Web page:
Eagle Point Irrigation District began it's journey on August 21st, 1915, when the State of Oregon granted the water rights from Big Butte Creek. As the story goes, the District wasn't officially established until April 15th, 1919 by Waldemar Hammel, James Spencer, William Perry & Wilbur Jacks. These gentleman went on to form a committee among the local land owners and created the district boundaries we have today.
The Board proceeded to hire engineer Ralph P. Cowgill, graduate of Washington State & Frank Dillard a then recent graduate of University of Oregon. These two men mapped out, staked, soil tested the whole district making sure the canal & laterals from Butte Falls to Eagle Point were in tip top shape to carry 100 CFS of water.
To put the plans into action , William Vonderhellen & Ed Dahack were awarded the contract to construct the main canal, laterals , flumes & bridges . To get these projects completed in a timely manner, the district hired 3 crews of laborers. Each crew consisting of around 20 local men. The crew had a strict deadline to have the canal and laterals completed by August of 1924.
On April 29th 1924 water was diverted for the first time from Big Butte Creek . The following month, the district sent the first flow of water through the Nichols Gap on May 17th at 9:05 P.M. The men were definitely testing the waters, because just 5 days later a land slide occurred , wiping out a large portion of the canal. Water was then shut off for the next two weeks repairing major damages. (see images for below)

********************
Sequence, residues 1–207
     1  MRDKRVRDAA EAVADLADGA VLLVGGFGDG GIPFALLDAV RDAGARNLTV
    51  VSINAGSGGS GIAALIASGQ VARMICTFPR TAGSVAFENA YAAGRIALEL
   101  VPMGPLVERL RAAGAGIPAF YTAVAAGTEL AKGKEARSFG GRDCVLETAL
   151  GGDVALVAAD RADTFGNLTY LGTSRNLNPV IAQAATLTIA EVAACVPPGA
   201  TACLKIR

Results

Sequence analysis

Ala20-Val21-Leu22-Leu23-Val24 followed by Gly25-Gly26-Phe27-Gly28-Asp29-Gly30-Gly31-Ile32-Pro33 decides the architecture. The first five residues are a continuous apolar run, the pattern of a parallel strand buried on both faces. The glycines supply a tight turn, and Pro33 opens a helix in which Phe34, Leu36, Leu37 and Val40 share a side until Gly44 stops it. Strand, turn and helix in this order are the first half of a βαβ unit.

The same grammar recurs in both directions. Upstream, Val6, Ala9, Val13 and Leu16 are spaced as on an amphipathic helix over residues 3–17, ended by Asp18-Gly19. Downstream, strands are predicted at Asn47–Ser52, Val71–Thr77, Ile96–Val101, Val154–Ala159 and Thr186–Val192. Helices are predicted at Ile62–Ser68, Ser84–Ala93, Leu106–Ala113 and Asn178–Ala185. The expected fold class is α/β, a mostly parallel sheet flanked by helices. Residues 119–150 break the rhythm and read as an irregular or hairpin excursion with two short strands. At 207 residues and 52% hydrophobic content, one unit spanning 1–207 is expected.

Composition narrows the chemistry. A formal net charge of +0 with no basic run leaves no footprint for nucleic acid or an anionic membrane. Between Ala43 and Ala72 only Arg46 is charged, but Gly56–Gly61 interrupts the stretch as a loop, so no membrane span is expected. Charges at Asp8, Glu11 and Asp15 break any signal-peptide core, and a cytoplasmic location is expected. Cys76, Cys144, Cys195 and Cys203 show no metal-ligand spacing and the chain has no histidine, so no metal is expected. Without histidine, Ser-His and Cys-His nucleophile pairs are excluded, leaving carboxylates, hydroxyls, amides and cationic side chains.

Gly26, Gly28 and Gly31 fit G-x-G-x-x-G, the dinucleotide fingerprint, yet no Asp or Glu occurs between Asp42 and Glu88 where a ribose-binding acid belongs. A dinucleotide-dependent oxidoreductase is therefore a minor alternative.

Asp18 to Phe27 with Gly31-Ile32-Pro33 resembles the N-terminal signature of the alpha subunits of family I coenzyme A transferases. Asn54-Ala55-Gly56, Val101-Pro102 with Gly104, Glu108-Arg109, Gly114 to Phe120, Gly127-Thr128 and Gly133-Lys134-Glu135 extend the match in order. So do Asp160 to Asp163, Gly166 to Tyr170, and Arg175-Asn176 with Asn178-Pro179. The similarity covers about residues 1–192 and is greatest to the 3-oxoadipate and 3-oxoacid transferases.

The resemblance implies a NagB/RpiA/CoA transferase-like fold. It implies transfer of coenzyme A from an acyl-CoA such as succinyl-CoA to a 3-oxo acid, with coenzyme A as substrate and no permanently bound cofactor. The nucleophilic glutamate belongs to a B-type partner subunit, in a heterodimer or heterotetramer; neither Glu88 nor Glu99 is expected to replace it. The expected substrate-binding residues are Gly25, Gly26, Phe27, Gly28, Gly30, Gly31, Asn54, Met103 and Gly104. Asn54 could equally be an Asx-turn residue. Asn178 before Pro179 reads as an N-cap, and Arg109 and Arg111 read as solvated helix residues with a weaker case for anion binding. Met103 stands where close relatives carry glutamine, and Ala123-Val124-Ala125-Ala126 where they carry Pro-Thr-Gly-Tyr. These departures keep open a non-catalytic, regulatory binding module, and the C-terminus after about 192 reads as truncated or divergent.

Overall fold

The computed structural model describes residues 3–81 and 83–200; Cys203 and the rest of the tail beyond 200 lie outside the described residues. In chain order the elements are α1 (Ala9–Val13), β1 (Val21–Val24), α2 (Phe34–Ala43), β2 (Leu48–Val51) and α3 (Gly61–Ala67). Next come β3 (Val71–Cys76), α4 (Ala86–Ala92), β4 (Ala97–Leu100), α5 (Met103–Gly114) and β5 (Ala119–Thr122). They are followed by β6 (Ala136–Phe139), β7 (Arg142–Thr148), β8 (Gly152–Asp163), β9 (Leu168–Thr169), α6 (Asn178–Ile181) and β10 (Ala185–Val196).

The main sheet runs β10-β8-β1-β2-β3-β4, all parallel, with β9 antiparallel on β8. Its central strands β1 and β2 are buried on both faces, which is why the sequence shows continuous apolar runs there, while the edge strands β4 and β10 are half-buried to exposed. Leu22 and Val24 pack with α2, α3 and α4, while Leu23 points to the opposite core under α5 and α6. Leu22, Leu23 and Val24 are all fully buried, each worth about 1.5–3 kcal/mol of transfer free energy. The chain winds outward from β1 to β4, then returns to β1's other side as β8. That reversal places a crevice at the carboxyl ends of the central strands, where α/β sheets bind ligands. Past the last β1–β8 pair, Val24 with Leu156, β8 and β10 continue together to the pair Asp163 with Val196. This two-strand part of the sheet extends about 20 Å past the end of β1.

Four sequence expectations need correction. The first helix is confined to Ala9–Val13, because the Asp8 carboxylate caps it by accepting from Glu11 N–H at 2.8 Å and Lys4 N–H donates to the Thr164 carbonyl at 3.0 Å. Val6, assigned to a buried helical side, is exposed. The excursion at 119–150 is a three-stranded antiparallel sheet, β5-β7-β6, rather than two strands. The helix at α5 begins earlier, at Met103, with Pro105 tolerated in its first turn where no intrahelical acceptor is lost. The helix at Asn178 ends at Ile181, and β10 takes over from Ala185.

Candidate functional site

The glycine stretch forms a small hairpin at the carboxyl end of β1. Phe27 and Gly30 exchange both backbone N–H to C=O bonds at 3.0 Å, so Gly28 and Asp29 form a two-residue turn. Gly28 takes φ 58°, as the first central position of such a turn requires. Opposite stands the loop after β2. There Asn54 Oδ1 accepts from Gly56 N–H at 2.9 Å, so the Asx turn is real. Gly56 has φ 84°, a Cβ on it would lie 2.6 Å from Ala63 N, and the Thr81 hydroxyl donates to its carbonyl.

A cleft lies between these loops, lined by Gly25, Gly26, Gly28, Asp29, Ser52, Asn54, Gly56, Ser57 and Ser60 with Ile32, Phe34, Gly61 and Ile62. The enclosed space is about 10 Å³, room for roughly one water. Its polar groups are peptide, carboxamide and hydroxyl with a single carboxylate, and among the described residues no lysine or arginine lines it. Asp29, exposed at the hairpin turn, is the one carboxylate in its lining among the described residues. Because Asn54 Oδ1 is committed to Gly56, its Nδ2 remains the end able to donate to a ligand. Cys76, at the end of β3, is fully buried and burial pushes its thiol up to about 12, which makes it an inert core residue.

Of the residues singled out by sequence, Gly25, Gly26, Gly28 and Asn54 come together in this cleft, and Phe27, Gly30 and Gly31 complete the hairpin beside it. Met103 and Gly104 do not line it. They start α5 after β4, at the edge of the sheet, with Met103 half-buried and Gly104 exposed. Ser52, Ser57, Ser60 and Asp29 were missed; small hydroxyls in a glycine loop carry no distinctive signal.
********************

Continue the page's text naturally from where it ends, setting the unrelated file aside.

By the 1950’s the district was pretty established. Much of the wooden flumes had been replaced with steel. Ditch riders no longer rode horses. The district had equipment to clean ditches. That doesn't mean problems didn't occur. Canal breaks still existed, but each time a break happened , that section was either piped or gunited. The summer months also included some mischievous fishermen, they found a way to plug up the fish wheel, stealing fish and occasionally pulling spill boards too. This issue caused water to be down a good 24 hours each time though out the years.
EPID had many large orchards in the district in the early years. One of the biggest, Wilfley Orchard, located near Ball & Brophy road (Now Trayhnam Ranches) and the Alta Vista Orchard, which is now the EP golf course.
Water wasn’t the only thing EPID sold. Manager Ted Seaman purchased property for the district,. EPID would advertise in the local papers like the Mail Tribune & Eagle Point Herald. The advertising worked great, as many farmers from the plains flocked to the area purchasing irrigated farm land.